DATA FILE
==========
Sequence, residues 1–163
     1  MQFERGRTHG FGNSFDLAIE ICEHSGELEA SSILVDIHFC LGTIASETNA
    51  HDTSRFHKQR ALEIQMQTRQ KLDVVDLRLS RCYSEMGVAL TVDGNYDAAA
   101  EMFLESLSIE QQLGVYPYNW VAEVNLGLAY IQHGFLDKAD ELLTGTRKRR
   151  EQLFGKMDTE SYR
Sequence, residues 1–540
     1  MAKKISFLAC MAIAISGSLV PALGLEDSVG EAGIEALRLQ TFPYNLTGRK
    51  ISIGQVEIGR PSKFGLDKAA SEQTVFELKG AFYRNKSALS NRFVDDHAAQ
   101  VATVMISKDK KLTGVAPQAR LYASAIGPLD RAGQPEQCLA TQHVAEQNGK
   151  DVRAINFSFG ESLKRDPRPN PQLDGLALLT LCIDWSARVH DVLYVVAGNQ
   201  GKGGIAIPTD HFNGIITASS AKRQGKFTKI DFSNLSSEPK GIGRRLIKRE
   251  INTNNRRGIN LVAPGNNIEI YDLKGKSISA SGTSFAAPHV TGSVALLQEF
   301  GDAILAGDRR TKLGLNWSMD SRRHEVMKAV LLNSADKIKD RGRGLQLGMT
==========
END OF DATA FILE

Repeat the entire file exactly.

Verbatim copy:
Sequence, residues 1–163
     1  MQFERGRTHG FGNSFDLAIE ICEHSGELEA SSILVDIHFC LGTIASETNA
    51  HDTSRFHKQR ALEIQMQTRQ KLDVVDLRLS RCYSEMGVAL TVDGNYDAAA
   101  EMFLESLSIE QQLGVYPYNW VAEVNLGLAY IQHGFLDKAD ELLTGTRKRR
   151  EQLFGKMDTE SYR
Sequence, residues 1–540
     1  MAKKISFLAC MAIAISGSLV PALGLEDSVG EAGIEALRLQ TFPYNLTGRK
    51  ISIGQVEIGR PSKFGLDKAA SEQTVFELKG AFYRNKSALS NRFVDDHAAQ
   101  VATVMISKDK KLTGVAPQAR LYASAIGPLD RAGQPEQCLA TQHVAEQNGK
   151  DVRAINFSFG ESLKRDPRPN PQLDGLALLT LCIDWSARVH DVLYVVAGNQ
   201  GKGGIAIPTD HFNGIITASS AKRQGKFTKI DFSNLSSEPK GIGRRLIKRE
   251  INTNNRRGIN LVAPGNNIEI YDLKGKSISA SGTSFAAPHV TGSVALLQEF
   301  GDAILAGDRR TKLGLNWSMD SRRHEVMKAV LLNSADKIKD RGRGLQLGMT